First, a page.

Here we pay attention to an optical 90° hybrid with a wedge-shaped 2 × 4 MMI coupler directly connected with a 2 × 2 MMI coupler , in which, both cascaded phase shifters and waveguide crossings are not included. What is more, this structure in SOI are more suitable for an optical 90° hybrid, because it decreases the number of the excited modes by sharply narrowing the width at input side and effectively eliminate the strong phase errors for higher-order modes. Thus the hybrid will have both more compact size and more accurate phase relationship. In this paper we focus on the ultra-compact 90° hybrid employing a wedge-shaped 2 × 4 MMI coupler with a 2 × 2 MMI coupler which is realized on SOI platform with 220nm thick top-silicon layer and 2μm thick buried oxide layer. The fabrication of the device only needs single-step E-beam lithography and fully-etching. Both analytical and experimental results show that a high performance of the proposed device is exhibited with a high extinction ratio lager than 20dB, an excess loss mostly less than 0.5dB, a common mode rejection ratio better than −20dB and phase deviation within the range of 5° over C-band spectral range. The proposed 90° hybrid is only 107μm long, the smallest size among the optical waveguide-based 90° hybrids based on MMI couplers that have already been reported [10–15].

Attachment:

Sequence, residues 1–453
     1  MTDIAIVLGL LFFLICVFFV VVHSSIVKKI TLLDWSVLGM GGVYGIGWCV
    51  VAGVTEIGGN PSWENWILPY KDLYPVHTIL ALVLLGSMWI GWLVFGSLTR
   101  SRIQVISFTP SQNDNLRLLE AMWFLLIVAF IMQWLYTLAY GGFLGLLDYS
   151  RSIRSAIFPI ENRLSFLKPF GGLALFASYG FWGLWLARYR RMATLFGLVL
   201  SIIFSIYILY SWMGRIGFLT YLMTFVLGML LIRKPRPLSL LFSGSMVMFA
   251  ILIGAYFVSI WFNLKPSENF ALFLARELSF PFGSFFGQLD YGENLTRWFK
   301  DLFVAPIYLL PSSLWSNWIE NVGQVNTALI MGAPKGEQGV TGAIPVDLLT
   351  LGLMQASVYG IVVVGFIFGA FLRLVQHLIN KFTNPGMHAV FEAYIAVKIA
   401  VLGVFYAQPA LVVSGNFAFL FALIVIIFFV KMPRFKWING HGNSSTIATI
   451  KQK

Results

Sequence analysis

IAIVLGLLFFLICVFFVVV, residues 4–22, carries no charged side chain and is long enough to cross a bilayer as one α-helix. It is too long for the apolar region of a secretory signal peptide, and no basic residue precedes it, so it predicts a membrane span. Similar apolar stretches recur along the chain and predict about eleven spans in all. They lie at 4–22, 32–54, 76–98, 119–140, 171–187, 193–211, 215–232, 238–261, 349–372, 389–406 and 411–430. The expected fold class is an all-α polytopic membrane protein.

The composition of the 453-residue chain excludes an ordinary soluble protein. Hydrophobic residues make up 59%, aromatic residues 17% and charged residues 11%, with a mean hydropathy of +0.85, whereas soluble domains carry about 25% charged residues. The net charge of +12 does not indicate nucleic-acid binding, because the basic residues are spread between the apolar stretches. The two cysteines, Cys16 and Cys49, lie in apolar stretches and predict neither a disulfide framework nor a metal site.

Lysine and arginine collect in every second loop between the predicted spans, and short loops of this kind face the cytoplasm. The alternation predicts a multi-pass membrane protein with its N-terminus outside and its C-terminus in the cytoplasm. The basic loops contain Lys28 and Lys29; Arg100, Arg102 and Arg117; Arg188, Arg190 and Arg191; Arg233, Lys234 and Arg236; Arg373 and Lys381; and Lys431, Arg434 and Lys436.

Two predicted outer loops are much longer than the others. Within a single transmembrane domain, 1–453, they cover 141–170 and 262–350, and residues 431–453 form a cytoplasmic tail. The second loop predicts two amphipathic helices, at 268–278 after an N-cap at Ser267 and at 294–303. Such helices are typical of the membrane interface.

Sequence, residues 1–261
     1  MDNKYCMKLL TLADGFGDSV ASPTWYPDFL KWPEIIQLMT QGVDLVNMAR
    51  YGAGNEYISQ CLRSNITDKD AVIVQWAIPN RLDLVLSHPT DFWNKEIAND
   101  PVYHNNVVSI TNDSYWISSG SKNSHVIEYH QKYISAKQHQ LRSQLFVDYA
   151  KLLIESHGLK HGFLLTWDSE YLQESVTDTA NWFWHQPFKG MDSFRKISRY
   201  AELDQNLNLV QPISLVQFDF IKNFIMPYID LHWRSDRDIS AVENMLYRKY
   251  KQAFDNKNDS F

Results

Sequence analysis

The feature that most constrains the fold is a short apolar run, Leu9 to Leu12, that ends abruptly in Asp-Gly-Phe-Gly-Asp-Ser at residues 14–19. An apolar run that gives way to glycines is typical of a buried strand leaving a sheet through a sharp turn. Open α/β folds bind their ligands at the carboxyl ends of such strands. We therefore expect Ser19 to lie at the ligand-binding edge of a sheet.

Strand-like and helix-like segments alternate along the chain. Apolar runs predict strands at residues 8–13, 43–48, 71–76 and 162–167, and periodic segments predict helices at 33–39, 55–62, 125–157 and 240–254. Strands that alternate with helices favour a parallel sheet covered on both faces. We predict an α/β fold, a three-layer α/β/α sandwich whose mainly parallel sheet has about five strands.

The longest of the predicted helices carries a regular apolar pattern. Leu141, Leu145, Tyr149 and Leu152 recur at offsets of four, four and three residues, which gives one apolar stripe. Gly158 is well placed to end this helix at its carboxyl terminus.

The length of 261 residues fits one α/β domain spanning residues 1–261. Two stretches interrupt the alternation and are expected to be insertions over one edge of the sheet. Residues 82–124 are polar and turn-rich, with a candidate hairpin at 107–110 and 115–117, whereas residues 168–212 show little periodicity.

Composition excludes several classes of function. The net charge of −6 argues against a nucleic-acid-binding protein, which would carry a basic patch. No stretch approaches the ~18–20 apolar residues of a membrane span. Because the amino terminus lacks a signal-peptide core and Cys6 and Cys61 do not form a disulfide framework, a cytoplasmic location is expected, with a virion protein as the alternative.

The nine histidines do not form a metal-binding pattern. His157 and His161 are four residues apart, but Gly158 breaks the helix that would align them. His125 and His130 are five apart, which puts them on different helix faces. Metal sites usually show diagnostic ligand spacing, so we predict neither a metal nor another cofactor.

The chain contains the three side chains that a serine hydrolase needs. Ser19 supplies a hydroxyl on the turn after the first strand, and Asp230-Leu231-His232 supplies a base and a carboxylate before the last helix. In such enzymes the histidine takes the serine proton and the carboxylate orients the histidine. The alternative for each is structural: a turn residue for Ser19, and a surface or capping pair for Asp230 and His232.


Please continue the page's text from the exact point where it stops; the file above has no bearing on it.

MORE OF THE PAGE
2. The proposed optical 90° hybrid in SOI
The proposed optical 90° hybrid consists of a wedge-shaped 2 × 4 MMI coupler serially connected with a 2 × 2 MMI coupler. Figure 1 shows the schematic diagram of the proposed optical 90° hybrid considering balanced detection in coherent receiving system. The wedge-shaped 2 × 4 MMI coupler works as a 180° hybrid. Then phase relationship of its output signals coupled to the 2 × 2 MMI coupler are converted by 90° through the general interference in the 2 × 2 MMI coupler, which generates a quadrature phase relationship of the four output signals of the device.